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Satch Sanders educated incoming NBA players about the benefits and dangers of their new lives.As Celtics legend Tom "Satch" Sanders preps for entry in the Basketball Hall of Fame this weekend, Richard Lapchick explains his tremendous impact on the game:
In 1984, when I started the Center for the Study of Sport in Society at Northeastern University in Boston, I hired Sanders as an associate director. In discussing some of the things that I wanted to address, such as student-athlete graduation rates and the lack of opportunities for women and people of color as head coaches and in front office positions in the various professional leagues and at the college level, it was clear that Satch was a deep thinker on these and other issues.
He cared deeply that too many athletes were not getting an education because they were pursuing the dream of a professional career. They were ignoring studies to hone athletic skills in spite of the fact that the odds were better for an African-American high school basketball player to become a doctor or an attorney than to play in the NBA. Satch saw the Center as a platform to advocate for the truth with boys and girls as well as men and women.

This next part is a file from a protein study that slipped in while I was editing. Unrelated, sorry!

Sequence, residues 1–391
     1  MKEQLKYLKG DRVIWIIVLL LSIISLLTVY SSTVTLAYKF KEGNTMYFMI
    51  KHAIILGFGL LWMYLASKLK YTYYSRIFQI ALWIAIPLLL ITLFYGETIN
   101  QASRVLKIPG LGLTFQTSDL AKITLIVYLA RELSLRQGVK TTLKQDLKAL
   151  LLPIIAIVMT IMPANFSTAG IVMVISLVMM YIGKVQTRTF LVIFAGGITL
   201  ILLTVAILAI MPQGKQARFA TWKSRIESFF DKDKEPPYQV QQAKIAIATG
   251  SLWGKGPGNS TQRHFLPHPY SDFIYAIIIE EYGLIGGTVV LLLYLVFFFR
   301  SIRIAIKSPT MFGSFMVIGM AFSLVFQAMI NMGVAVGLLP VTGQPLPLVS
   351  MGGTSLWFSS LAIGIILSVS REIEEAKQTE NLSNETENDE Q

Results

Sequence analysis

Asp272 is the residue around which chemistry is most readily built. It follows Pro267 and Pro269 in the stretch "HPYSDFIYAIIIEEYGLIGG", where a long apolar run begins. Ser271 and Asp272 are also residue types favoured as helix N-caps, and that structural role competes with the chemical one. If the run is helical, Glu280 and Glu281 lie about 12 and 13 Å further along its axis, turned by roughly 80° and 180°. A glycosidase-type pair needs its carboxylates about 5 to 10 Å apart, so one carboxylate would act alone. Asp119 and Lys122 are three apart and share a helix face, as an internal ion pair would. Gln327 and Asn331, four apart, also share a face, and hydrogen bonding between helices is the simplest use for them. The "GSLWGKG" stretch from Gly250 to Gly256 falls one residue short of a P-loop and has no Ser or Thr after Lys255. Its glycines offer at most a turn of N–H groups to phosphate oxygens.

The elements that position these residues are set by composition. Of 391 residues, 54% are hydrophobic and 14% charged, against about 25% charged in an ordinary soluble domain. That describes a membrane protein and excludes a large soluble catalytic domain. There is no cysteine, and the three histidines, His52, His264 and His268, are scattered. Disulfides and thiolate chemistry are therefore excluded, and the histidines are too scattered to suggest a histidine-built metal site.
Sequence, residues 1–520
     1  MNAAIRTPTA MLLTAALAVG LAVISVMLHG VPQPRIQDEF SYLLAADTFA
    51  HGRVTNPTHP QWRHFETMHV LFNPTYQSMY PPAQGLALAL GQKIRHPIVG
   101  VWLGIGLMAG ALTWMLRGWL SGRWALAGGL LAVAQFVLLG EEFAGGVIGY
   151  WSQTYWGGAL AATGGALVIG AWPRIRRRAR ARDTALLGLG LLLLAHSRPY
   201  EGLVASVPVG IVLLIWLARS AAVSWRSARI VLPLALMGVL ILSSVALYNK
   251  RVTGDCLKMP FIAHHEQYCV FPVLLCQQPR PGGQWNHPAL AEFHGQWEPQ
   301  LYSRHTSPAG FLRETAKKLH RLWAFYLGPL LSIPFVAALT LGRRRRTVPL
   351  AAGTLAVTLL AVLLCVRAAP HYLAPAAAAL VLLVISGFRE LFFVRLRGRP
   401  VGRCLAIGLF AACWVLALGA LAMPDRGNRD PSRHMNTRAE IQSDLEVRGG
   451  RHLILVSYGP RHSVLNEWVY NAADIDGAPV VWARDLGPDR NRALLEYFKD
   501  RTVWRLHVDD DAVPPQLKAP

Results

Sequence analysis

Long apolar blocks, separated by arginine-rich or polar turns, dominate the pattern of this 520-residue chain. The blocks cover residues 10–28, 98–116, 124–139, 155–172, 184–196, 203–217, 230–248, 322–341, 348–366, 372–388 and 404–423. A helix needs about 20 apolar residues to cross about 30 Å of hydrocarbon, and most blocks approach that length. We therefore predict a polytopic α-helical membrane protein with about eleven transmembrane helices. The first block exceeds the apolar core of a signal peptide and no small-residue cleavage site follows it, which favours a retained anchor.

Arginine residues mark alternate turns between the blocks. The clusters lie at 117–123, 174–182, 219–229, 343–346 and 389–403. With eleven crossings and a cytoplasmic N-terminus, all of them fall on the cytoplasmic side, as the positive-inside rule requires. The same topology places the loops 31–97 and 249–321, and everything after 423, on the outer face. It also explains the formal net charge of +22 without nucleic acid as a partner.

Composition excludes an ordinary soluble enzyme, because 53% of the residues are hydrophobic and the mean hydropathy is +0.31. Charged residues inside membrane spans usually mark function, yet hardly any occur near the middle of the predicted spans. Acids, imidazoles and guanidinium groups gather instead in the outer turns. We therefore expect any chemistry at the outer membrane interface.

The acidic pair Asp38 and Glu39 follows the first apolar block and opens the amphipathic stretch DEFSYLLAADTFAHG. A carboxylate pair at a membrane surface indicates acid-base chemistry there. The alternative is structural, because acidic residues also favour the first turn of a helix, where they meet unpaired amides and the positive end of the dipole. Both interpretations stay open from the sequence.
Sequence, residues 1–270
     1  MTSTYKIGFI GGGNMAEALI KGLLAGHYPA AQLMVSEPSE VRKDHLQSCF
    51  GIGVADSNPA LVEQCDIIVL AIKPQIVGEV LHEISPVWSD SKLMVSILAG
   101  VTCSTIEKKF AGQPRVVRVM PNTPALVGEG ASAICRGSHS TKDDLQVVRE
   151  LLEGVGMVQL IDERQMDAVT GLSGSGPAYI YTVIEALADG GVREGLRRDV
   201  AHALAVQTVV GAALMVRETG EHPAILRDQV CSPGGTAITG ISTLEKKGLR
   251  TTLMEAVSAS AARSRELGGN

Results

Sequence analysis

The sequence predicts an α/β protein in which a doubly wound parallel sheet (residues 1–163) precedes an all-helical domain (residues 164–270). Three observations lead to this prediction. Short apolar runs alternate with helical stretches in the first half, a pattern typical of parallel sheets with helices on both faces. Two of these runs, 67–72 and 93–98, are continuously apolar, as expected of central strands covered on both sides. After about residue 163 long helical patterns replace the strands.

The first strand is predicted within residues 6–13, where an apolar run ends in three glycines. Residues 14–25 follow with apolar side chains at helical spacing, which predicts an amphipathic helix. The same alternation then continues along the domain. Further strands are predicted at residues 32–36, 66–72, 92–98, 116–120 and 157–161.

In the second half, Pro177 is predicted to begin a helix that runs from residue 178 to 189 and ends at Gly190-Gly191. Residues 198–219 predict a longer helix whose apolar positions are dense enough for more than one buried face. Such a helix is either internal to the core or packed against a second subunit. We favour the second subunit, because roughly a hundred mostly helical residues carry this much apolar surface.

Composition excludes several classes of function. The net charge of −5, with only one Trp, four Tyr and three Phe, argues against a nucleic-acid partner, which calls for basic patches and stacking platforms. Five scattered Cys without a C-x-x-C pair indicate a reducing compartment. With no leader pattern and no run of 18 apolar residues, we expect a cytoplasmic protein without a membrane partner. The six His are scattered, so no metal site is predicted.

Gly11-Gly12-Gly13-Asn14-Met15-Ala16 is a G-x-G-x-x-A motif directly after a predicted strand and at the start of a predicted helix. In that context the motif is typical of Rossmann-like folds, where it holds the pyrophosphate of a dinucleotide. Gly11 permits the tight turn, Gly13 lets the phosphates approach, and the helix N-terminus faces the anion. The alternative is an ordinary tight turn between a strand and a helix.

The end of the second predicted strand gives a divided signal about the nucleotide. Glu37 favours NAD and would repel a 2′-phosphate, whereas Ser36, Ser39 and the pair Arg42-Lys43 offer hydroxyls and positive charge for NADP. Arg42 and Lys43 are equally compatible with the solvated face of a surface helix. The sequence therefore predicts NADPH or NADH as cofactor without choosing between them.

He was a model for citizen-student-athletes. Not only did he get a great education at NYU, but he was very involved in the Boston community as a Celtics player and afterwards. He also was ready to speak up, often softly yet always with the powerful voice given to successful athletes.
Boston at the time had a terrible reputation for race relations. It had one of the most violent reactions to desegregation busing in the country, but Satch stayed. "I can travel to every part of the country and see racism first hand," he said, when I asked. "It is not unique to Boston."
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